It’s possible to chart the development of film as an art form through visions of hell—which is to say, its evolution from a medium that showed audiences what they wanted to see to one that could confront them with what they didn’t. And the only reason someone would go to hell would be to find something there, except in the case of The Revenant. Despite its superb action set pieces and its metaphors of transformation (e.g., a bizarre re-birthing scene in which Glass crawls naked in and out of a dead horse), it reaches its end goal somewhere around what used to be called the opening reel. It takes viewers to a place, and keeps them there. Which brings up one of those ironic inversions that critics can’t resist: The Revenant is a movie about a journey of hundreds of miles that is basically one sustained mood, and The Hateful Eight is a movie about people literally going nowhere where just about everything constitutes a step toward the final scene.
What Tarantino’s Western drawing-room mystery does is take two of the most debated plot points of Pulp Fiction—the bogus Bible verse recited by hitman Jules and the mystery briefcase that he and his partner retrieve at the beginning of the movie—and combines them into one prop. This is the so-called “Lincoln letter,” purportedly one of several sent by Honest Abe to a bounty hunter named Marquis Warren. As a writer, Tarantino is what you’d call a dialogue guy, but he has a thing for visual aids (Old Ben’s skull in Django Unchained) and gag props (Hans Landa’s pipe in Inglourious Basterds), and The Hateful Eight has plenty of both. In a way, the movie is all props, given how much of it turns on clues both present (a broken door, an arm chair) and missing.
And the most important of these is the Lincoln letter, which provides the movie with its clearest through-line. If The Hateful Eight is about anything, it’s about this letter. It figures prominently in the dialogue, bringing out both the misty-eyed idealism of Warren’s colleague in the bounty trade, John Ruth (Kurt Russell), and serving to discredit the promise of America. This is, after all, a relic of Lincoln, the closest the United States has to a secular saint (and, by extension, a glint of godliness in The Hateful Eight’s hell), and it turns out to be a hoax. It symbolized the lengths Warren has to go to be treated civilly in a world run by white men’s fears, which is something The Hateful Eight doesn’t take the easy way on, given that Warren is the embodiment of those fears. It’s such a tricky rhetorical device that it comes as something of a shock that the text of the letter, which remains undisclosed for nearly three hours of screen time, gets read out loud in the final moments of the film.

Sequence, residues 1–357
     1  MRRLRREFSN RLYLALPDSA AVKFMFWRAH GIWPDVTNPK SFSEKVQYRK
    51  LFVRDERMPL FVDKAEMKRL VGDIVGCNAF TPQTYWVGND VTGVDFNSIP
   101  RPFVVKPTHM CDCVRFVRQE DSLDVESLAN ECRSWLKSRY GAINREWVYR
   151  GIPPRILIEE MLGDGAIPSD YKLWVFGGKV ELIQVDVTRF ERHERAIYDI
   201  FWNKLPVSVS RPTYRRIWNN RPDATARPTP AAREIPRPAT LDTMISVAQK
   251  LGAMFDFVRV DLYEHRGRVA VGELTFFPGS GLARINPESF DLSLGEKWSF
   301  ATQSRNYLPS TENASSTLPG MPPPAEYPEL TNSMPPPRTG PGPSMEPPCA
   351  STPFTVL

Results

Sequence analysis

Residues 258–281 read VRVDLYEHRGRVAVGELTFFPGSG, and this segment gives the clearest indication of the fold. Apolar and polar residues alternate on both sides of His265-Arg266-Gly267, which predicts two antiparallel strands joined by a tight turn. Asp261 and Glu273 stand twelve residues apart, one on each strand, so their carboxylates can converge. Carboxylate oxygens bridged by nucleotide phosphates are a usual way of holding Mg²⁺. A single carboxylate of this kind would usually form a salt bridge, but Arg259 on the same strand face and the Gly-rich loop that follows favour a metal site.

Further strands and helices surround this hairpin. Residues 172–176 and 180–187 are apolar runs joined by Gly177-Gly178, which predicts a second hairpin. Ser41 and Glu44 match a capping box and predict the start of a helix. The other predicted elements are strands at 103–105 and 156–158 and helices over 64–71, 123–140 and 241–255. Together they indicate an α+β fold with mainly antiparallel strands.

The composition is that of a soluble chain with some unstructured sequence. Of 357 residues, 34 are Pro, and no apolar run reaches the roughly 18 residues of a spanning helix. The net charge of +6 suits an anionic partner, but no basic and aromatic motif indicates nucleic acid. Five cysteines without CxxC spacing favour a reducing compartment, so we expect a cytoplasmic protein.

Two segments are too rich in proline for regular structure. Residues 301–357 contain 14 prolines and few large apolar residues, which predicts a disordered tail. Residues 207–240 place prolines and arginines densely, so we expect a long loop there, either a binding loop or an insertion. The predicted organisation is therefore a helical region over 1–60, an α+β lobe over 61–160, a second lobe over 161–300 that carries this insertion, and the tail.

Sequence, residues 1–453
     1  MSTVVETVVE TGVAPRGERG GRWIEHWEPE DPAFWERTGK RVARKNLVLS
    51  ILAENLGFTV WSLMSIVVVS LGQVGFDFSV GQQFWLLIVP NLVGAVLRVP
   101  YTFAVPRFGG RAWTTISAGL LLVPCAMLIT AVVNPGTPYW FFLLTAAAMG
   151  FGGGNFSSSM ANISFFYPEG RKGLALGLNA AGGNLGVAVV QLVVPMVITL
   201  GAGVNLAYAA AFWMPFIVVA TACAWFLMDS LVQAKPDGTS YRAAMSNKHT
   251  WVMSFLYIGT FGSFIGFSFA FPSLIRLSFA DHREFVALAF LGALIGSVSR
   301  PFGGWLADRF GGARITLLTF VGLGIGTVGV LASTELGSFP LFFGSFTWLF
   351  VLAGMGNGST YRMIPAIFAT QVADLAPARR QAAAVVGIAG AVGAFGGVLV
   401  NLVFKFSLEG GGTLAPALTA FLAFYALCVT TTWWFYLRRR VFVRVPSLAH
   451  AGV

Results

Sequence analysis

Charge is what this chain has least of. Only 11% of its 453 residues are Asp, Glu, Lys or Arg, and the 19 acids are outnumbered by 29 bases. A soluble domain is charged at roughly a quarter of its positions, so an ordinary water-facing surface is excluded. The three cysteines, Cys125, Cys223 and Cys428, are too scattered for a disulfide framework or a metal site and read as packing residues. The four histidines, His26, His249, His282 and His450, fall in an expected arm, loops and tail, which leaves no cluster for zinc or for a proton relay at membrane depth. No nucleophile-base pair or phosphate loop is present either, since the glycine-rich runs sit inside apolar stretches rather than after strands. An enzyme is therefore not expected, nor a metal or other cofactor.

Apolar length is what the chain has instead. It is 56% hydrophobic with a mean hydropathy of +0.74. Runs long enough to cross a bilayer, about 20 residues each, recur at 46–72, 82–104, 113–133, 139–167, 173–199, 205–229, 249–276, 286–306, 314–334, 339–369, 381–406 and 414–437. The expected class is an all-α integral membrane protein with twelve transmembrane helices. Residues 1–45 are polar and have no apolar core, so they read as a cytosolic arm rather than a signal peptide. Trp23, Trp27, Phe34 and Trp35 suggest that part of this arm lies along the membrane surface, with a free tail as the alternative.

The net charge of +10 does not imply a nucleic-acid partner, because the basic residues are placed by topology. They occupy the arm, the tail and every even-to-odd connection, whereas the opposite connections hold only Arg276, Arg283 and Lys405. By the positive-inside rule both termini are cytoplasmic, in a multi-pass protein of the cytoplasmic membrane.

It’s almost as though Pulp Fiction had ended with the briefcase being turned around to reveal its glowing contents. And it’s a credit to how much Tarantino’s sensibilities have developed over two decades that The Hateful Eight not only pulls this off, but that the reading of the letter ends up cinching the film. It’s the point that the film has been building to, much the same way as The Revenant spends its whole running time looping back to its first impressions of the frontier landscape as alien and mystical. The letter has a religious aura, not unlike the Old Testament pastiche that Jules (played, not coincidentally, by Samuel L. Jackson, who also plays Marquis Warren in The Hateful Eight) refers to as “Ezekiel 25:17” in Pulp Fiction.
Both the Lincoln letter and Jules’ passage—which comes nearly verbatim from the Sonny Chiba movie The Bodyguard—are aspirational: The letter describes the good and heroic man Warren knows he isn’t, while Jules’ passage positions him as a vengeful badass. And though The Revenant and The Hateful Eight are both death Westerns that set out to put the lie to some myths of the West, only The Hateful Eight finds something beyond meaninglessness and cruelty in its backstabbing and suffering. Having proven every word of it false, The Hateful Eight still takes the Lincoln letter as a source of comfort.
The world is ugly and mean and America isn’t all it’s cracked up to be, but isn’t it beautiful that it can still bring itself to believe in things as pure as the idealized image of Lincoln? Both films take viewers to the underworld of the damned, but only The Hateful Eight ends by turning it eyes back up to the world of the living—which is to say, the present—having found a perverse sense of hope.